Many of you know that it took me almost TWO YEARS to do a chin-up.
You see, being a fitness professional doesn’t automatically mean you can nail a difficult exercise like chin-ups on the first try.
Being a fitness professional doesn’t mean you are immune from self-doubt or the comparison trap in your fitness.
Being a fitness professional doesn’t mean you don’t have to work as hard in the gym as everyone else!
Looking back, I realize I was misguided in the strategies I was using and wasting a LOT of time getting nowhere at all.
I realized at first that I was practicing my chin-ups with a more difficult grip than need be.
I also only did one variation over and over again without ever switching things up! Practicing ONLY with a band assist was one of my top mistakes, and it’s one of the top mistakes I see people in the gym making too.
And it wasn’t until I upped my practice game on a weekly basis that I saw significant gains in getting over that bar. Practicing maybe once a week just was NOT going to cut it.
Plus, I had it in my mind for a looooong time that I’d never be able to do one! Talk about a mental block.
Chin-ups are now one of my favorite moves to do and one of my favorite moves to teach. But it’s precisely because of the hard work and journey behind them that I love them so much.
And as a fitness professional, I am not alone in this! Many of my fellow coaches, trainers, and instructors feel the same way, so here I’ve asked ten of my favorite fit pros – many of whom are rockstar friends – to share their personal experiences with chin-ups. Grab a cup of coffee, sit back, and read about these girls’ badass stories and tips for you if you are just starting out on your chin-up journey!
10 Fit Pros Share Their Secrets for Chin-up Success
Becky Williams of B. Kinetic Fitness
Pulling your own body weight over the bar is an amazing feeling. It makes you feel like a total badass.
There can be a mental block attached to the movement, though. So many of us females grew up being told that girls can’t do pull-ups. That we’re just inherently weaker than men, especially in the upper body. Thus, we don’t even try going after that goal. Even as a life-long athlete, I believed that for the longest time. In the back of my mind was the embarrassing experience of failing the flexed arm hang during the Presidential Fitness Test in grade school.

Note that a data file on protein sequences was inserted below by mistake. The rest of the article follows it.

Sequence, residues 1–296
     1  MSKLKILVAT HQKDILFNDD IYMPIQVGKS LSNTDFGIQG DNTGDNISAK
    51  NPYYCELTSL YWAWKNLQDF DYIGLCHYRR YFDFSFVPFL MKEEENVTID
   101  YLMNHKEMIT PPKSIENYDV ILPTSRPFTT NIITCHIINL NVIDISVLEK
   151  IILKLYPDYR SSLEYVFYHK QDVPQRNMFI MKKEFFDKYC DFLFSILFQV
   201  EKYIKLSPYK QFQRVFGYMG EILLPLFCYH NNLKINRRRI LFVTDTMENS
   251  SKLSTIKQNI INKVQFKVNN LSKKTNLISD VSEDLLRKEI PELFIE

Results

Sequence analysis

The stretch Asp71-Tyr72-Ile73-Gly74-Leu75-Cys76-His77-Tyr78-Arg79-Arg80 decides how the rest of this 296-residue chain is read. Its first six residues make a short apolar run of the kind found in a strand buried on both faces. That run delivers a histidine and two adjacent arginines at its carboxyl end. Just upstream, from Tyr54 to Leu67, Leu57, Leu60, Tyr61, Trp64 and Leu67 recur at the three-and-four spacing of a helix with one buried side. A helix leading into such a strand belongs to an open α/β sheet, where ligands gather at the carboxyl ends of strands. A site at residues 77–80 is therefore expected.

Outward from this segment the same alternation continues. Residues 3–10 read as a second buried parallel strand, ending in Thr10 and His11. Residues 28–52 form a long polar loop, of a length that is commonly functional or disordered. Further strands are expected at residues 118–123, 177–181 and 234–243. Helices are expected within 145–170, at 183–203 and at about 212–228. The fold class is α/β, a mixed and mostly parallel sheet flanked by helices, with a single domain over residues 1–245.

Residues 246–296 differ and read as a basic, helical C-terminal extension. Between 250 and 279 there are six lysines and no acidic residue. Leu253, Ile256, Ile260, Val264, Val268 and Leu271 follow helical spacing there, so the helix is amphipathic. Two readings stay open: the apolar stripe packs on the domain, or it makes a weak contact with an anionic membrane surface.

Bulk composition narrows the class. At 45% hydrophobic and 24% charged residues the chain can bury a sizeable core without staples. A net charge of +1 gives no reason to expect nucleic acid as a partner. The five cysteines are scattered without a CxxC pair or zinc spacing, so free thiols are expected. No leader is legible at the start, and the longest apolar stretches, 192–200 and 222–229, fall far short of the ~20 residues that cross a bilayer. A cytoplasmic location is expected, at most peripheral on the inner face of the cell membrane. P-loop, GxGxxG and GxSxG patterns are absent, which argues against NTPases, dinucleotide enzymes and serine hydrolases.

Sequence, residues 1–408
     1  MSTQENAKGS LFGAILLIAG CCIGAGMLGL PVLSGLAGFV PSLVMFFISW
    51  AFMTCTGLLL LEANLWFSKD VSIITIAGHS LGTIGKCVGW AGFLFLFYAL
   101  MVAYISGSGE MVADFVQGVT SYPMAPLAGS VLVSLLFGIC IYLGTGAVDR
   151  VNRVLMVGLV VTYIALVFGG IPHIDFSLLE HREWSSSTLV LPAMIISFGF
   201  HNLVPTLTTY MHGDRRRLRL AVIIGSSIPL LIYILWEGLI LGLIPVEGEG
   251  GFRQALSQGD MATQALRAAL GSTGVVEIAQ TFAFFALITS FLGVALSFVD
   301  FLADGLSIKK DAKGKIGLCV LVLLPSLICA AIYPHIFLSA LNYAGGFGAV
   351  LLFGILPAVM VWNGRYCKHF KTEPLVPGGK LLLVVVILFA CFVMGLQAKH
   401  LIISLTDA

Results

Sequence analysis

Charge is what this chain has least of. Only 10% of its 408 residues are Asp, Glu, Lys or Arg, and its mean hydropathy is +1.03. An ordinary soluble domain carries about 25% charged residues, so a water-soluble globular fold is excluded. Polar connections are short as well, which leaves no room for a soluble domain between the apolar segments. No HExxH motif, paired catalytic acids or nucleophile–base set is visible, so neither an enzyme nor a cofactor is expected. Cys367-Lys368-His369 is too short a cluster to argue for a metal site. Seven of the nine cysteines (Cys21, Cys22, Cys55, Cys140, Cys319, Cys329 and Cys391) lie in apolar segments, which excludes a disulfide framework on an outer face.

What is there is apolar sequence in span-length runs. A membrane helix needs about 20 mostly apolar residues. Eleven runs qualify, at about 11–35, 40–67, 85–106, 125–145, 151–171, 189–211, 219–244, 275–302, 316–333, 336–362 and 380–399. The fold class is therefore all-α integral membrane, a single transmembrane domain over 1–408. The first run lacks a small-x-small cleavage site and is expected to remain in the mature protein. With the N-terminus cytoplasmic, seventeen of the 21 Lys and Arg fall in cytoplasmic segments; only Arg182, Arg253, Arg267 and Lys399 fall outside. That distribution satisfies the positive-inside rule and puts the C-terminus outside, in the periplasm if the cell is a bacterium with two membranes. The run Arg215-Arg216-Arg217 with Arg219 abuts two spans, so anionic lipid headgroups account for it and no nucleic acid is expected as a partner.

But it’s a movement that’s totally doable if given the proper training. As I improved my strength and overall fitness over time and become a personal trainer 10 years ago, I decided to go after the elusive chin-up. When I finally pulled myself up over that bar for the first time, a feeling of pride and excitement washed over me. And I haven’t been the same since. Accomplishing that gave me the confidence to chase other strength and fitness goals with an attitude of “Can I do that?” rather than “I could never do that.”
Some of my favorite ways to train for chin-ups and pull-ups include inverted rows, dead hangs, scap pull-ups, and negatives!
Candace Smith of Beauty of Strength with Candace
“The pull – up is arguably the Ultimate Measure of upper body strength.” -Unknown
Practice, practice, practice, I can’t say this enough. The more you do something, the better you will get at it. On the road to your first Chin-up remember that it’s about Progress, not Perfection.
I remember the first time I got my pull-up! It was amazing, it was empowering, and I felt strong! All the hard work, patience, and dedication paid off. It only go better from there! Pull-ups are my favorite thing to do, and I love teaching women how to get their first one!
My advice in getting your first one is to first off stop saying you can’t do them. You can do them! You can really do anything you put your mind to. If Chin-ups are something you want to achieve, you surely can reach that goal. The time, patience, dedication, and hard work is so rewarding when you get that first one; you are going to feel like a total badass chick – not that you aren’t already!
Then, to help build your strength, do assisted pull ups, use slow negative reps, do jumping pull ups, partner assisted pull-ups, and inverted rows.
Finally, getting better at chin-ups is a skill that you have to do consistently. It’s not a one and done type thing. You must do them often So, go on ahead with your bad self and start working on your pull-up game, I have complete faith in you that you will be able to do them. You must believe in yourself because you can!